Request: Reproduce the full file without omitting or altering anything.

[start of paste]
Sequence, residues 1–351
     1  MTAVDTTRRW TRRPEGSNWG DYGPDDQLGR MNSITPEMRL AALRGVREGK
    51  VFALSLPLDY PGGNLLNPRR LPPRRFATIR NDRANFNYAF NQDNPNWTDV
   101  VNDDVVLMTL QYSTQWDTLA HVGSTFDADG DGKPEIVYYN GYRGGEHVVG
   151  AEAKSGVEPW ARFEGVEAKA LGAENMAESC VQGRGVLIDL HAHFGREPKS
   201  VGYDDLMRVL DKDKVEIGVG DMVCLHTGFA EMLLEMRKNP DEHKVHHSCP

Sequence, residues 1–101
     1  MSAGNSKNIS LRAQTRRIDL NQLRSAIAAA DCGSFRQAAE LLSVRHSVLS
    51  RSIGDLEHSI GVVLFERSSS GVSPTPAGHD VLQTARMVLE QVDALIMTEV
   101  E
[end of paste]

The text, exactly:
Sequence, residues 1–351
     1  MTAVDTTRRW TRRPEGSNWG DYGPDDQLGR MNSITPEMRL AALRGVREGK
    51  VFALSLPLDY PGGNLLNPRR LPPRRFATIR NDRANFNYAF NQDNPNWTDV
   101  VNDDVVLMTL QYSTQWDTLA HVGSTFDADG DGKPEIVYYN GYRGGEHVVG
   151  AEAKSGVEPW ARFEGVEAKA LGAENMAESC VQGRGVLIDL HAHFGREPKS
   201  VGYDDLMRVL DKDKVEIGVG DMVCLHTGFA EMLLEMRKNP DEHKVHHSCP

Sequence, residues 1–101
     1  MSAGNSKNIS LRAQTRRIDL NQLRSAIAAA DCGSFRQAAE LLSVRHSVLS
    51  RSIGDLEHSI GVVLFERSSS GVSPTPAGHD VLQTARMVLE QVDALIMTEV
   101  E